Screen Rules for Your Baby

Screens from computers to phones have become an omnipresent technology in the modern landscape. Image Source/Alamy

In October 2014, Zero to Three, a nonprofit organization dedicated to promoting the welfare of babies, released a guide called Screen Sense: Setting the Record Straight that examines screen-based media's role in infant and toddler development. Though childcare professionals have long railed against infants spending any time in front of electronic screens, the realities of the 21st century make that increasingly difficult for parents to adhere to. "Touchscreen devices and video are part of the environment of childhood now," explains Dr. Georgene Troseth of Vanderbilt University. "In the context of exposure to lots of real-world experiences with other people and real objects, a limited amount of exposure to screens is unlikely to harm development."

In a world of iPads, Androids, touch-screens and interactive video games, a zero-tolerance approach to screens is not only outdated, it ignores the pivotal role technology will play in your child's future. The key, according to Troseth, is moderation. "Keep screen time in balance with other activities, and don't expect screen learning to take the place of real-world interaction," she implores.

Some specially made screen-based media can even be beneficial for the developing brain. "Interaction or responsiveness is an important clue that helps very young children learn. It's how they identify information as being 'for them,'" explains Troseth. "When a person on-screen actually talks to and responds to a viewing child [as in video chat, for example], the child may be more likely to connect what the person says to the real world."

This new outlook on screen media flies in the face of years of American Academy of Pediatrics recommendations, which advised against any screen time for children younger than 2 years old. Based on the premise that screen time cuts into real-world interaction between parent and child, the AAP's recommendations failed to take into account the possibility of screen time shared between the two, the kind afforded by communal use of a laptop, iPad or other device.

Research does indicate that constant background TV isn't great, because it distracts both parents and babies from interacting in more meaningful ways. However, in addition to real-world interaction, Troseth and others in her field are beginning to see active, as opposed to passive, screen time can actually teach your baby how to associate information with real world situations. Interaction with parents, toys, books and sandboxes will never stop being integral to your baby's brain, but recent studies show children learned vocabulary and language skills remarkably well from a video chat.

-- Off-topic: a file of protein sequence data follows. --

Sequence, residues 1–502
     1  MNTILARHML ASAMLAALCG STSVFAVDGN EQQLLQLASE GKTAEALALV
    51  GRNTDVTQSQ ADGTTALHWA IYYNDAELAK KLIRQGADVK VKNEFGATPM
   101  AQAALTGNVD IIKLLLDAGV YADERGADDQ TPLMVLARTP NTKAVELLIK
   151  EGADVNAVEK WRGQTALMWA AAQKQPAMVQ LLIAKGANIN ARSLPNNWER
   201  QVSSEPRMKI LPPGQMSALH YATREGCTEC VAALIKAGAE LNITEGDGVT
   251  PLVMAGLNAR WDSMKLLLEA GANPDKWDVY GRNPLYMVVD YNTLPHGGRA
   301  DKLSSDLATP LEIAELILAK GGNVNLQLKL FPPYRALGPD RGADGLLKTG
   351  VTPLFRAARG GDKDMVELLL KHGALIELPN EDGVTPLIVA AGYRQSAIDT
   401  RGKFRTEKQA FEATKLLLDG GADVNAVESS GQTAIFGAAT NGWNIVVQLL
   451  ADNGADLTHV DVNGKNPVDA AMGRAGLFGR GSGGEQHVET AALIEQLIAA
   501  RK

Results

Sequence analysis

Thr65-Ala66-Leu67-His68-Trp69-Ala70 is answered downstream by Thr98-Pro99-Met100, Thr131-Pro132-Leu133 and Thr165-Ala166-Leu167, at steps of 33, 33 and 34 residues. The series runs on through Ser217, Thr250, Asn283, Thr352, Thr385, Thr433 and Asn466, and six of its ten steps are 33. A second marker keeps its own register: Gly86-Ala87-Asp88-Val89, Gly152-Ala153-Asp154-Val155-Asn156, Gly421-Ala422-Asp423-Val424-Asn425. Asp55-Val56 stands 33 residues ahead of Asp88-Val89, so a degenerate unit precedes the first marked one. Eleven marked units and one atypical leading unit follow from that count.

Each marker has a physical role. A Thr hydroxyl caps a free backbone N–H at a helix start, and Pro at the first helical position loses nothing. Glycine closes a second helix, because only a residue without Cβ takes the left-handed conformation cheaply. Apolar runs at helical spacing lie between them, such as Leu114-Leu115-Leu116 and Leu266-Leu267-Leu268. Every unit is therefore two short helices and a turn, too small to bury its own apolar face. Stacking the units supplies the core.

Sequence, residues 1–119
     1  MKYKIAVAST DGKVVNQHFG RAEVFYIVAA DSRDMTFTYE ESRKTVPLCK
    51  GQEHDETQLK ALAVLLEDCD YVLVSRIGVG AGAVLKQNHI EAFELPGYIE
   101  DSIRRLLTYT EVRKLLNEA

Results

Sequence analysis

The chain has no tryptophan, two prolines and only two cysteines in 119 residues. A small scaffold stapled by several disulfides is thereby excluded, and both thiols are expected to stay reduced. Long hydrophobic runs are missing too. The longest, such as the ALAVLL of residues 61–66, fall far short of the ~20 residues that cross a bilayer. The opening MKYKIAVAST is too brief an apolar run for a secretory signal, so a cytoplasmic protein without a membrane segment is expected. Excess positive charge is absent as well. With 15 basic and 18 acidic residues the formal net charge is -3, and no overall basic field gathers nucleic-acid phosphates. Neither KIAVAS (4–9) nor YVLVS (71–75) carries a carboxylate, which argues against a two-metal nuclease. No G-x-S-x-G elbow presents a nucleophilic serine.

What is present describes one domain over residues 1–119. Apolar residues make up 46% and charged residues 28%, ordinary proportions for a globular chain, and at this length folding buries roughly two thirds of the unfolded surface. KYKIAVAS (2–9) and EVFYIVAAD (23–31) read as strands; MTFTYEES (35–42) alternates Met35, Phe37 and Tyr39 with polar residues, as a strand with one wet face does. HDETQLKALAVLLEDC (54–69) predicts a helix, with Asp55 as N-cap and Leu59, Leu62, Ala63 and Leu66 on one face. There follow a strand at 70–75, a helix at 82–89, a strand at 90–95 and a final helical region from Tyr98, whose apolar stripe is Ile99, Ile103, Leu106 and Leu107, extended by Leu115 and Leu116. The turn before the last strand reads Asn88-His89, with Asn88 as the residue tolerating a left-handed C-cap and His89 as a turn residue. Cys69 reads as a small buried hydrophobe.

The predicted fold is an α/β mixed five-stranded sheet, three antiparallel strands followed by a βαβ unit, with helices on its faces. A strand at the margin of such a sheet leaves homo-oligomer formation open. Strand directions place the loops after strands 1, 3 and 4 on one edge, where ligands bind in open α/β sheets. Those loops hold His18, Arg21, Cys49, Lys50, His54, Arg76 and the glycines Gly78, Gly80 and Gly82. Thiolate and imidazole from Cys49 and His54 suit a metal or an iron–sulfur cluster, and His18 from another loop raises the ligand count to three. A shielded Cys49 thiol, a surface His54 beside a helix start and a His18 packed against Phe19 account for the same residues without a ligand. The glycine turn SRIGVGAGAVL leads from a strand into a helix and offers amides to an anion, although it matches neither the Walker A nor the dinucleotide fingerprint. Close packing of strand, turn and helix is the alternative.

One milestone Troseth feels parents should watch for when scheduling screen time is whether their infant can understand the images on the screen are symbolic in nature. "It's a lot for young children to figure out how an on-screen image differs from, but is similar to, and represents, reality," she says. Babies and toddlers may not make that connection, which can hinder their learning, but older preschoolers appear to have mastered the concept that the flat, 2-D images on the screen won't interact with them the same way their parents in the next room will. Like most milestones, the age at which the infant gains this ability depends on the individual. "It's wrongheaded to keep kids completely away from screens until some 'magic' threshold age," says Troseth. "Look for connections a child is making between what's on the screen and the real world, just as you would when reading a picture book. Children learn how to use an information source like a video or a touch screen partly by seeing how parents use them."

Screen time is still a slippery slope among new parents because the debate still rages on, and the burden on parents to make the right decision about the controversial techniques induces a great deal of stress. But according to Troseth, the biggest thing to remember is not to panic. "To me," she says, "the guilt that moms and dads feel about their child playing on their iPhone or being exposed to a little background TV is adding an unnecessary burden to parents' lives. Shared enjoyment when parents and kids watch or play together, or seeing your child happily engaged by a well-designed app or video, is an incredible benefit of well-managed screen time. It's an opportunity for a shared activity between parent and child."

This article appears in the latest Newsweek Special Edition, "Your Baby's Brain: How New Science is Unlocking the Secrets of the Infant Mind" by Issue Editor James Ellis of Topix Media Lab.